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Figure 1 shows that the SPM visible emission is observed on average in all flares down to C-class ones. Does this emission come from lines or from the continuum? The SPM channels have been chosen to be in the continuum of the solar spectrum, and their response functions computed for the quiet Sun (Jiménez et al. 2005) show that the the blue and green channel corresponds to the deep photosphere (near τ500 = 1), while the red channel has a larger contribution from the chromosphere (the Ca II line). Yet, because a multitude of lines are present all over the optical solar spectrum, we looked at the modelled spectrum from Chance & Kurucz (2010), the observed spectrum by Thuillier et al. (2004), and the observed identified line lists by Allende Prieto & Garcia Lopez (1998). The blue and green channels include only a few weak lines from neutrals (mainly Fe I), which strongly suggests that the increase of emission, observed during the impulsive phase, is caused by a general increase of the continuum level. The next section shows that this continuum is furthermore consistent with a blackbody spectrum at T ~ 9000 K, which agrees with solar and stellar observations of WLFs. Because we access only light curves averaged over several flares, we can wonder how often this WL continuum emission does actually occur. To test this, we substituted in our sample some of the time series that include flares with time series that do not include them (randomly selected at a time where no flares occur). The flare signal for the less energetic flare set (bottom right panel in Fig. 1) becomes visible when only one out of five time series is replaced. This roughly indicates that at least 80% of the flares have WL continuum emission and can thus be considered to be WLFs.

Table 1

Spectral distribution of flare energy.

4. Spectral distribution of flare energy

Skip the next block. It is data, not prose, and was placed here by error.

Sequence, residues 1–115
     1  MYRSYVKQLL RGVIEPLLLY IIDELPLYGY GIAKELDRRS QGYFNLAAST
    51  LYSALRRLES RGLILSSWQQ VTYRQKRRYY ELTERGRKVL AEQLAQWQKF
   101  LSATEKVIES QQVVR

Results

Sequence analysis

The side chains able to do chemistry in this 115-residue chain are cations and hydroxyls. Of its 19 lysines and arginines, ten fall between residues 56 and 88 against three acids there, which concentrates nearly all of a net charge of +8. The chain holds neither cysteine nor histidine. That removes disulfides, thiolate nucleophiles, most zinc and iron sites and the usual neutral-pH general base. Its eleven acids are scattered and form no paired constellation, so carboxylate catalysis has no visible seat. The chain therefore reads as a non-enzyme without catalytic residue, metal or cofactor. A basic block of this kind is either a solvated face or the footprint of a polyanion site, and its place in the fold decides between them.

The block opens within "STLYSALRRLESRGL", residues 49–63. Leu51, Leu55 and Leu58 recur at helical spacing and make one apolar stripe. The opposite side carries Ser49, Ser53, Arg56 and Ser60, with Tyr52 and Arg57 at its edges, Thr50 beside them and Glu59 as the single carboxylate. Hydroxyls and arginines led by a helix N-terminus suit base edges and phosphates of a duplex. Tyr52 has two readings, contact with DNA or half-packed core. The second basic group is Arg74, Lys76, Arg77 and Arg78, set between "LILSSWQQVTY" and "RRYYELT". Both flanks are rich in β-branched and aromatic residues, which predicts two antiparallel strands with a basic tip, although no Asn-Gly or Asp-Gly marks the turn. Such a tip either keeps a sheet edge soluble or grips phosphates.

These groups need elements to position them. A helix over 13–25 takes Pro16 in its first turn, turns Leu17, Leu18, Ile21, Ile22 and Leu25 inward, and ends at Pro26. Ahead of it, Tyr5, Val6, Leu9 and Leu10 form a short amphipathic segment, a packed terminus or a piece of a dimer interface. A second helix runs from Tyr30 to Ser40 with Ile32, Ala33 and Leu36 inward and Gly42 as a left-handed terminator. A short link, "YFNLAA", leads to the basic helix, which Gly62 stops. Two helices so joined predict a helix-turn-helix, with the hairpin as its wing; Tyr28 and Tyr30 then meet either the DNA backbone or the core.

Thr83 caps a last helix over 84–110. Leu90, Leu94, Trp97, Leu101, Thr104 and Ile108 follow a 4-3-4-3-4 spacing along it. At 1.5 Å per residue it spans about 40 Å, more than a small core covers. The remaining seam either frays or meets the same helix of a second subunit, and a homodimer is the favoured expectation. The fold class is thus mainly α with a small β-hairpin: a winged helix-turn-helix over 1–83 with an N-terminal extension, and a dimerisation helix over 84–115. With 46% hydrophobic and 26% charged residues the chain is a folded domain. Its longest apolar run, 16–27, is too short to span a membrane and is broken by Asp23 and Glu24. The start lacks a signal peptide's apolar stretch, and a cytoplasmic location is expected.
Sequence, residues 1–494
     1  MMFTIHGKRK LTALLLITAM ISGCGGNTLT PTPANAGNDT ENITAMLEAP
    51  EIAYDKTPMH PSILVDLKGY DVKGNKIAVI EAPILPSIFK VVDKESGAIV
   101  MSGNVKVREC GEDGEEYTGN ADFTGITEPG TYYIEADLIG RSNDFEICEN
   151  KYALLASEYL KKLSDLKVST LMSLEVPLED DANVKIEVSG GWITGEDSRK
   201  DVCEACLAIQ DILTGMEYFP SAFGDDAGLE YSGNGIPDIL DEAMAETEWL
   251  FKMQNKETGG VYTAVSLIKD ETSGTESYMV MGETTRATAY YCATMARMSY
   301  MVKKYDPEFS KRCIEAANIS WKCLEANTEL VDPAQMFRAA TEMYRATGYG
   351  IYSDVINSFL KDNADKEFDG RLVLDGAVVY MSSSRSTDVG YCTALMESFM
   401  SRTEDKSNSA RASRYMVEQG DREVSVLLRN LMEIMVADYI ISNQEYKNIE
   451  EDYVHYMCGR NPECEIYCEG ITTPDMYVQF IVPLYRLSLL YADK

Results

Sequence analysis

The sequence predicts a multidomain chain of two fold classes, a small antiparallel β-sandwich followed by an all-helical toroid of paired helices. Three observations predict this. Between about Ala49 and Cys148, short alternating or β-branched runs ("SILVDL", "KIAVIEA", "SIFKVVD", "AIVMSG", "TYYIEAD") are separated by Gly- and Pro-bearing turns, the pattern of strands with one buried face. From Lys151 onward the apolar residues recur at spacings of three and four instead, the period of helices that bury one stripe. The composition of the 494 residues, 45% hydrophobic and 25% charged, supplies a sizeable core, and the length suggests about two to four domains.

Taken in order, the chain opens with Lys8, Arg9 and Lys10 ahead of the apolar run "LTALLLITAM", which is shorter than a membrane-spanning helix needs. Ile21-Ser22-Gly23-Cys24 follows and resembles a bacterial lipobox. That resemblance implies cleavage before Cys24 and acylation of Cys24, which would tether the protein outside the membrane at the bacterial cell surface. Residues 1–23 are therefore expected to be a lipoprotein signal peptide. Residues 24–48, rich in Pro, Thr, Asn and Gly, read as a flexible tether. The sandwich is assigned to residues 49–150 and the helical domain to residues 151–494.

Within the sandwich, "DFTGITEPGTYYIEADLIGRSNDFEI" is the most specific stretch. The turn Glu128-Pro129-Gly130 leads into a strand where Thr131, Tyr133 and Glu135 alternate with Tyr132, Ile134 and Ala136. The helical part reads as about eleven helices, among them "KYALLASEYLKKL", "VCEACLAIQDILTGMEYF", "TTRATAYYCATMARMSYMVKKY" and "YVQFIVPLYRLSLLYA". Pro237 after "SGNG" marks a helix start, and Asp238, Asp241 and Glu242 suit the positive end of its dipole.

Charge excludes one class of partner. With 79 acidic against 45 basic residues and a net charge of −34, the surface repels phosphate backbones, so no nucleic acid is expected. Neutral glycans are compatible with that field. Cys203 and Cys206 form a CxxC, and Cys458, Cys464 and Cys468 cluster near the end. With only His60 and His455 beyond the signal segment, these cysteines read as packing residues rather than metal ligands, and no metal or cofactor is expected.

Figure 4 shows flare light curves in several spectral bands from SXRs to visible and averaged over 2100 flares ranging from X-class to C-class. The EUV and SXR bands show a long gradual phase that can also be seen in the visible red channel that contains a chromospheric contribution. The TSI light curve should also exhibit the gradual phase that occurs at all chromospheric and coronal wavelengths, but it does not. The most probable explanation is that the gradual phase is below the noise level, which emphasizes the predominance of the impulsive phase. Because of this, we cannot exclude that the blue and green channels also have a gradual phase, although smaller than the red channel. We use Fig. 4 to estimate the spectral distribution of the flare energy and we repeat this for the four sets of flares shown in Fig. 1. Because the gradual phase is hardly observed in the TSI average light curves, we computed the energy radiated in each passband both over the total duration of the flares, i.e., including the long gradual phase when it is present, and over the restricted time for which the flare signal is seen in the TSI. For the visible irradiance and the TSI (EUV and SXR channels respectively) we limit the start of the flare integration to 10 min (20 min respectively) before the key time, to avoid signals potentially caused by background fluctuations in the visible and TSI light curves. Emission excess observed at Earth can be converted into energy release on the Sun with the factor , where f takes into account the angular distribution of the emission. We use the following factors: f = 2π for optically thin emission (0–50 nm and 0.1–0.8 nm), and f = 1.4π for the TSI and 26–34 nm channel, as suggested by Woods et al. (2006). Note that if we assume that the angular distribution is the same for all channels, the optically thin contributions are decreased by a factor 1.43. The resulting flare energy distribution is shown in Table 1 for the two integrations (next section explains the three last columns); it reveals that the short wavelength passbands are a minor contributor to the total energy, even when the gradual phase is not taken into account only for the TSI. The GOES SXR energy is less than 1% of the total energy, while all wavelengths below 50 nm represent between 10% and 20%. The visible and near UV part of the flare spectrum must thus constitute the bulk of the flare energy.